Summary: Jesus teaches us: 1. Do not condemn. 2. Do not rush to judgment. 3. Do use discernment.

The Super Bowl is known as much for its commercials as it is for football, and Super Bowl XXXIX was no different. Ameriquest Mortgage Company sponsored two ads. One had a man coming home with a bag of groceries and a bouquet of flowers. He begins dinner by starting a pot of spaghetti sauce. As it simmers, he quickly sets the table where he has placed candles and arranges the flowers. He wants to do something really nice for his wife. But as he cuts up vegetables with a large knife, their furry white cat gets on top of the counter and tips over the pan full of red sauce, landing on the floor in the middle of it. The poor guy picks up the cat dripping with bloody-red sauce with one hand while still holding the large knife in the other — just as his wife walks in the door. At that point the commercial flashes the sign: “Don’t judge too quickly. We won’t”

The second commercial Ameriquest aired had a man talking on a cell phone as he enters a convenience store. He is talking to a friend and says, “Well, that’s a lot of money for a deck.” He picks up a drink and goes to the counter as he says, “I hate to tell you this but you are getting robbed.” The owner of the store is behind the counter with his back turned, and when he hears what the man is saying he looks into the security mirror just as the man puts his hand inside his jacket and tells his friend again, “Did you hear me? You’re getting robbed.” At that point the store owner spins around and sprays him in the eyes with mace. The man’s wife runs out and shocks him with a cattle prod as her husband proceeds to wale on him with a baseball bat. As the man lies dazed on the floor, the words appear: “Don’t judge too quickly. We won’t.”

The ads are extremely popular for a couple of reasons. First, because they are so humorous and creative, but secondly, because they strike a chord within everyone who has been judged hastily and unfairly. The interesting thing about the commercials is that the people in the ads who made a false judgment did not hear what happened from others, they knew they saw what they saw, and heard what they heard. The wife saw what happened with her own eyes. The store owner heard the words with his own ears, but both were wrong. They weren’t going by hearsay, but they were still very wrong in their interpretation of the events. It never occurred to them that they could be mistaken.

Jesus’ teaching, which we have read today, is designed to keep us from making those kinds of mistakes. I think there are important lessons here for us to learn. The first is this: Don’t condemn others. It is very easy to demonize people we disagree with, or whose lifestyle does not match up to our personal standards. It is very easy to think that someone will never change or that there is no hope for them. We consider them too far gone.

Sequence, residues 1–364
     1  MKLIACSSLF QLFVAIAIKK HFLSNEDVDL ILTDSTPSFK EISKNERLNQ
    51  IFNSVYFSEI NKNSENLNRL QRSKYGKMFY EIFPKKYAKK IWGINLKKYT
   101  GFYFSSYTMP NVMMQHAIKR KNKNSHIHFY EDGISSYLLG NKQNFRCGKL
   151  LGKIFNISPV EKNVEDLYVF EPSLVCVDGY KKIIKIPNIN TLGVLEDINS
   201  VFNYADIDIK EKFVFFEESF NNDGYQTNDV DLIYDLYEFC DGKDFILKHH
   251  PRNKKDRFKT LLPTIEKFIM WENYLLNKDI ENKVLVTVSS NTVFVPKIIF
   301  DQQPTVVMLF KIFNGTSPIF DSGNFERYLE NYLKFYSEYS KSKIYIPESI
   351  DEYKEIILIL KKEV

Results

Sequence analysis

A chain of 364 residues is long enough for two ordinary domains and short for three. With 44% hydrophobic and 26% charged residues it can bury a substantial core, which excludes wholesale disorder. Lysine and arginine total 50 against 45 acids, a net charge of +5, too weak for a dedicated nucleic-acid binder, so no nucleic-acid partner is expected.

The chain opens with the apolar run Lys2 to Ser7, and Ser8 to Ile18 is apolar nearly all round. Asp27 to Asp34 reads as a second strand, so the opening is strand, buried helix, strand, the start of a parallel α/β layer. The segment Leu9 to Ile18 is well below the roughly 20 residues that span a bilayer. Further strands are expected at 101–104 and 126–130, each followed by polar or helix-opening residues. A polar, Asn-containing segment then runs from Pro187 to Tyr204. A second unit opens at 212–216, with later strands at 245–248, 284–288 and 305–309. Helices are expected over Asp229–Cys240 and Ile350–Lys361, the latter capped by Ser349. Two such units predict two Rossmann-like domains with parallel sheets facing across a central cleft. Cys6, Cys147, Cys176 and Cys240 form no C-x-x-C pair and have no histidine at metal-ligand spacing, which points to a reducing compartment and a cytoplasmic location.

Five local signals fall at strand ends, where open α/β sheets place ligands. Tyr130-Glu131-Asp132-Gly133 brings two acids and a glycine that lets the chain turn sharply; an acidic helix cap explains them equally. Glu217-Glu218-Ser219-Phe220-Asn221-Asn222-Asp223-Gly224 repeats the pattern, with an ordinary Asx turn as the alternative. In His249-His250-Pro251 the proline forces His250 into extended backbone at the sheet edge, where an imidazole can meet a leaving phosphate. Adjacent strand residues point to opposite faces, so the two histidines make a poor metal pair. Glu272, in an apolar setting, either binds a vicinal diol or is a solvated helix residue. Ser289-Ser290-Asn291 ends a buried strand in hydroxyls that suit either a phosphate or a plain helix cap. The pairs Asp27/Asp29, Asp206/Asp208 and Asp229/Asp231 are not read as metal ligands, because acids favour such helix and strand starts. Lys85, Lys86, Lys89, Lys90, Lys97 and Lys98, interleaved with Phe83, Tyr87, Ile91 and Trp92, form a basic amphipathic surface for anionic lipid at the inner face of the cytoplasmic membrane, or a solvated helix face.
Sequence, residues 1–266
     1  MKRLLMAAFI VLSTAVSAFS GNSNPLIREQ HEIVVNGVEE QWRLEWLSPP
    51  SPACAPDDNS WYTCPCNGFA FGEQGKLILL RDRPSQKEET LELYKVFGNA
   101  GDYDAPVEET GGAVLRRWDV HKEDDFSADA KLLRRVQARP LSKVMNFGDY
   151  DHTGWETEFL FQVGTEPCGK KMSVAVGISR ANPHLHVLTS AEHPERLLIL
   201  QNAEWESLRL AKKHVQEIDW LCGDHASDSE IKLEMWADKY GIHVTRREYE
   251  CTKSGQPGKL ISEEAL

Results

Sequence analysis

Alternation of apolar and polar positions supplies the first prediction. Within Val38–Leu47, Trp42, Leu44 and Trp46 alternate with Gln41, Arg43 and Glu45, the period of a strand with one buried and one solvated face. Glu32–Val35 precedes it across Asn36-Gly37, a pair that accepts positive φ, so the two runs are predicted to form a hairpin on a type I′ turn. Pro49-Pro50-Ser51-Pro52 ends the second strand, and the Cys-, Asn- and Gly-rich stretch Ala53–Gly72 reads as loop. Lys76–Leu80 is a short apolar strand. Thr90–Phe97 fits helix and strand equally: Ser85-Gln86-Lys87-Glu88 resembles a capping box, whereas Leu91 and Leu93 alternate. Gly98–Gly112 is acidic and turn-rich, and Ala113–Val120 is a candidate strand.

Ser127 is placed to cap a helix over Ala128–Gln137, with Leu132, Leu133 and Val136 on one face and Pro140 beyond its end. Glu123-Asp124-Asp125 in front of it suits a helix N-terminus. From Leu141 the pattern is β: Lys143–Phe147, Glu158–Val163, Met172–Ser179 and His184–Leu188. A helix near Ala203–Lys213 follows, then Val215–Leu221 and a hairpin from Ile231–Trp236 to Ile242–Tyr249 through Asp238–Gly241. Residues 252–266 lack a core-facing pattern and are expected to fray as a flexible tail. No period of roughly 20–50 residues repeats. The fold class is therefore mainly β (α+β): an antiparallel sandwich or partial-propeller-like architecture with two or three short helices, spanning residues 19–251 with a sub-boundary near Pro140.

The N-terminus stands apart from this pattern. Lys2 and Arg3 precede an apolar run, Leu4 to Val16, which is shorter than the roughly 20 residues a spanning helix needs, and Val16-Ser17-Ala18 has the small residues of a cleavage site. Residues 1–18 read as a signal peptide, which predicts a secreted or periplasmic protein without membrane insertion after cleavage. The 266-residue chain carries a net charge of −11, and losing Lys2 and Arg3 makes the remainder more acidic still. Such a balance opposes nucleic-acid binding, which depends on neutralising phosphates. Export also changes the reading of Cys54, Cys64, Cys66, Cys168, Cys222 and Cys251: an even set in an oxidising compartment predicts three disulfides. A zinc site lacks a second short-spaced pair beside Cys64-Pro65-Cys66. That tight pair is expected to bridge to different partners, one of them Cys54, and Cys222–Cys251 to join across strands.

There were no hopeless people according to Jesus. If someone was sick, he believed they could be well. If someone was dead, he believed they could live. If someone was sinful, he believed they could be forgiven and live a new life. Jesus said, “Be merciful, just as your Father is merciful. Do not judge, and you will not be judged. Do not condemn, and you will not be condemned. Forgive, and you will be forgiven” (Luke 6:36-37). It is this element of condemnation that makes judging others so egregious. People who condemn are those who condemn the person as well as the action. They focus on the faults of others and never focus on self-examination.

The warning, of course, is that if we judge others we will be judged — both by God and others. Those who are always critical and demanding of other people cannot live up to their own standards, and that does not go by unnoticed by other people. But our primary concern is not what people think of us, but what God thinks of us and what will happen to us at the judgment. The merciful will be shown mercy. Those who judged others harshly will be harshly judged. Those who were always picking at the wrongs of others will have their errors picked at. But those who exuded mercy in their attitude and dealings with others will be shown great mercy. Jesus said, “For in the same way you judge others, you will be judged, and with the measure you use, it will be measured to you” (Matthew 7:2). Humility is called for in our walk with God and our relationships with others.

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